9

I have a table with a following format.

PID     ID       Label        Value
------------------------------------------
1       1        First Name    Jenna
1       2        DOB           10/12/1980

I need to retrieve all PIDs where First name starting with J and Month of DOB is 10.

in my code, I retrieve these in DataTable in C# and then tried to use LINQ to retrieve the results I want. This is just an example. These Labels could be anything user defines.

using LINQ I am able to retrieve all PIDs where First Name start with J, but every time I tried to Cast Value for DOB I get cast not valid error. I cannot change the column type in the database since Value could contain any type of information.

Here's a piece of my code. I am new to LINQ, and still trying to figure out around it.

var resultQuery = from r in query.AsEnumerable()
where (r.Field<string>("Label") == Label  &&
r.Field<DateTime>("Value").Month == 10)
select r.Field<int>("PID");
  • What's the DateTime value of "Jenna"? I'm not sure that this is feasible. – Bobson Oct 19 '12 at 18:30
3

Since not all items in the Value column of the table are convertible to DateTime, what you have will fail on invalid conversions. You can add in a clause that first checks that the value is a DateTime and only if it is, converts it and checks the .Month property.

DateTime d;
var resultQuery = from r in query.AsEnumerable()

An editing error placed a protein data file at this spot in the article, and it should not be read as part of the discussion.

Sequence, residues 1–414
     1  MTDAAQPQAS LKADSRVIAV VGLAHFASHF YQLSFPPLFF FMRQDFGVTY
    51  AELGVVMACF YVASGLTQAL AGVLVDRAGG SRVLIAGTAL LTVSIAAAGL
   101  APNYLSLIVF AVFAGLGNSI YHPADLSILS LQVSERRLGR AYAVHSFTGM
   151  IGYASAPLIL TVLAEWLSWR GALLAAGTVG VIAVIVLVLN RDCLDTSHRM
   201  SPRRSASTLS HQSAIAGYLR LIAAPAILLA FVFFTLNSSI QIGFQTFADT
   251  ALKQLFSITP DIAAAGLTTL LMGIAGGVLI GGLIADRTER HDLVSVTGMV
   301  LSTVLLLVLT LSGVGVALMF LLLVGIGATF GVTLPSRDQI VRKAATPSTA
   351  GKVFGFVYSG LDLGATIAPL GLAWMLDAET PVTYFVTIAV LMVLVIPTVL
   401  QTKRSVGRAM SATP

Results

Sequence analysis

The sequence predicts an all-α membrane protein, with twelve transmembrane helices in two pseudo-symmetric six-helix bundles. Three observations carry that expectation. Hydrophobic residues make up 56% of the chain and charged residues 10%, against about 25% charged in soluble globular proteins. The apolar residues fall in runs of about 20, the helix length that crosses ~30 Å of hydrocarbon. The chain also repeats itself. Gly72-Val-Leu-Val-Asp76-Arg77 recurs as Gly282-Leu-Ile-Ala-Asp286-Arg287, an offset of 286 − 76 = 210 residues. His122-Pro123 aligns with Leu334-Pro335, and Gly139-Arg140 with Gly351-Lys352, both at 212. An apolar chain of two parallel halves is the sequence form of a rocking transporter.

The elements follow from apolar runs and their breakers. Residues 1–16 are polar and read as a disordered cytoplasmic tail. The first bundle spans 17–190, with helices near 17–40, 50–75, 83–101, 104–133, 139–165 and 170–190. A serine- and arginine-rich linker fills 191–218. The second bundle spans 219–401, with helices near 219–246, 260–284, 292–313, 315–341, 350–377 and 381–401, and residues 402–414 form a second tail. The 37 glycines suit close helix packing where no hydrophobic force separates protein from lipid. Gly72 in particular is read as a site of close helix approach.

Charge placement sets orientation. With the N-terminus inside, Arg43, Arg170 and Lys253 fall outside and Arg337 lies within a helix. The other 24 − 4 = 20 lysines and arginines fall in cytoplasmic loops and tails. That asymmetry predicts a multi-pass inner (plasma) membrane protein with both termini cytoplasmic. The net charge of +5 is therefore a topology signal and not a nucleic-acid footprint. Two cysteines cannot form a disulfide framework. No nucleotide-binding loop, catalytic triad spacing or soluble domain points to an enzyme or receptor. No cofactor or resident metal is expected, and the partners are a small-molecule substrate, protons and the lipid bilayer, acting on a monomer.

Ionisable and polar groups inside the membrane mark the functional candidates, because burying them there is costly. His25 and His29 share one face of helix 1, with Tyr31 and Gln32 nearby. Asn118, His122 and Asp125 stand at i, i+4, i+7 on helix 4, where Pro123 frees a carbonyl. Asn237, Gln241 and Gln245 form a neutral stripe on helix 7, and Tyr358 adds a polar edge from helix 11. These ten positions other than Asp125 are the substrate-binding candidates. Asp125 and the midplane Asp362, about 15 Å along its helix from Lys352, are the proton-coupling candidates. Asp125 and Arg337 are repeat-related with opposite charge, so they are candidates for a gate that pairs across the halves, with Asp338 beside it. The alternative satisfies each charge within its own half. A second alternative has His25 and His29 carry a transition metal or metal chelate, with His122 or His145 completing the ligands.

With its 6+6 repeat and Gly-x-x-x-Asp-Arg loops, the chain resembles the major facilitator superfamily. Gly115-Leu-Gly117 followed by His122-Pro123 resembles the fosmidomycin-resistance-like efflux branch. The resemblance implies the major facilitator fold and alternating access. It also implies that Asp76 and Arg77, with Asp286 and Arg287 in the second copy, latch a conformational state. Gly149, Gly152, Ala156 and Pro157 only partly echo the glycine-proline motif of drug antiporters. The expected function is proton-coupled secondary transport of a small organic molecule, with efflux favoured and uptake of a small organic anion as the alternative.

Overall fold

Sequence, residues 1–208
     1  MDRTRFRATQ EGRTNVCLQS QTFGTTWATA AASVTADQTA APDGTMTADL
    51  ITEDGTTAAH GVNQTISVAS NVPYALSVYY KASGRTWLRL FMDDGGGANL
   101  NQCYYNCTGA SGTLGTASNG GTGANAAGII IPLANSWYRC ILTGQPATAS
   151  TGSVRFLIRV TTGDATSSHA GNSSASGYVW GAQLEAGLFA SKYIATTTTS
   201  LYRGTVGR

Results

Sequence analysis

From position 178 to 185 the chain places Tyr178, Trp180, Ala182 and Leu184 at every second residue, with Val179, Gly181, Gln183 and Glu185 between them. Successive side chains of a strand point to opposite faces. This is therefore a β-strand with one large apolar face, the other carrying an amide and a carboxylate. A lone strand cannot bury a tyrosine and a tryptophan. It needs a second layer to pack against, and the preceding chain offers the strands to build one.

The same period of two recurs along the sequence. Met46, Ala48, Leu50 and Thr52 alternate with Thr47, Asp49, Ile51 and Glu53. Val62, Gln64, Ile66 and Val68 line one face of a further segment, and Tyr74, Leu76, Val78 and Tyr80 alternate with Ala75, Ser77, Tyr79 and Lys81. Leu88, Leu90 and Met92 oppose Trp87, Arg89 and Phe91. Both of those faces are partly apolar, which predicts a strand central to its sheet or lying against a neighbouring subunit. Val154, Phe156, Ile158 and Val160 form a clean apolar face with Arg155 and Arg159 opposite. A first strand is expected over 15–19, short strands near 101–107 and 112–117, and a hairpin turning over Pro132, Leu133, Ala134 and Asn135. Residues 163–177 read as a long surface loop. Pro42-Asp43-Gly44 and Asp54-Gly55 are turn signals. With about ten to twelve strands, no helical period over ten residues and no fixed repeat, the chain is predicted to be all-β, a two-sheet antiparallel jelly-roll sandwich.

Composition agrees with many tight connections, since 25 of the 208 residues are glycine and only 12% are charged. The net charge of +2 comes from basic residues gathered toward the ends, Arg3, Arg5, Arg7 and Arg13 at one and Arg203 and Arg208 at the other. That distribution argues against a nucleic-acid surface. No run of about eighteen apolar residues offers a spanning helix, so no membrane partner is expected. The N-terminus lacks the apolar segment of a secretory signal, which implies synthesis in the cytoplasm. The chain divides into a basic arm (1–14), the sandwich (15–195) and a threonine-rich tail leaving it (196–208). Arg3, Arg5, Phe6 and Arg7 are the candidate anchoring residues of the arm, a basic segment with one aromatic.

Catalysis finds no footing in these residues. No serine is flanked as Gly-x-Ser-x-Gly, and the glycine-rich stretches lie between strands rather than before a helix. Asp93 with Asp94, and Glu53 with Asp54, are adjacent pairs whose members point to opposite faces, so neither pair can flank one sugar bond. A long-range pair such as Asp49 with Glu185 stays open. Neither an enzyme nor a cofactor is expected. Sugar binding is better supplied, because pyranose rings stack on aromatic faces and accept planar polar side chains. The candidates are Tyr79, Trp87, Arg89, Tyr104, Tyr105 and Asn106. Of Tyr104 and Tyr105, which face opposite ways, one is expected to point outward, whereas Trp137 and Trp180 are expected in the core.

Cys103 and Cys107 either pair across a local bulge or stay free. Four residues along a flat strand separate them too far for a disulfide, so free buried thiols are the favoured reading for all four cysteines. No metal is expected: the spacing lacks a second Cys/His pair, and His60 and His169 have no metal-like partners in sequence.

where (r.Field<string>("Label") == Label &&
                      DateTime.TryParse(r.Field<string>("Value"), out d) && 
                      d.Month == 10)
                  select r.Field<int>("PID");

To potentially improve readability, you could also extract this out into a separate method:

var resultQuery = from r in query.AsEnumerable()
                  let d = TryGetDate(r.Field<string>("Value"))
                  where (r.Field<string>("Label") == Label &&
                      d != null && 
                      d.Month == 10)
                  select r.Field<int>("PID");

private DateTime? TryGetDate(string value)
{
    DateTime d;
    return DateTime.TryParse(value, out d) ? d : default(DateTime?);
}
  • 2
    For the sake of readability and "correctness", I believe it would be better to put the date logic in a separate method (DateTime? TryGetDate(string value)) and return null if not parse-able... – ioctlLR Oct 19 '12 at 18:24
  • Thank you both. If I just run the query the way goric suggested on it's own it doesn't error out, but if I am trying to convert resultquery to List and it fails. If I take out <DataTime>.Month == 10, my List works fine. PID = resultQuery.ToList(); Where PID is defined at type of List<int> – user1760153 Oct 19 '12 at 18:28
  • Not only that, but your code, as is won't work. Even if you can parse the string to a date, you can't just cast it to a date, which is what you are doing here. – Servy Oct 19 '12 at 18:28
  • @ioctlLR - That'll fail if it tries to parse that function on the server, though. – Bobson Oct 19 '12 at 18:28
  • @Servy: Not sure I follow, TryParse would return true and initialize d, making it ready for use, or would return false and abort the && logic.. What am I missing? – goric Oct 19 '12 at 18:30
2

You are going to end up filtering in memory which isn't very efficient.

So first select your data

var data= from r in query.AsEnumerable();

Then filter on the data

var filtered = from item in data
               where item.Label == "Label"
               && Convert.ToDateTime(item.DOB).Month == 10
               select item.PID;

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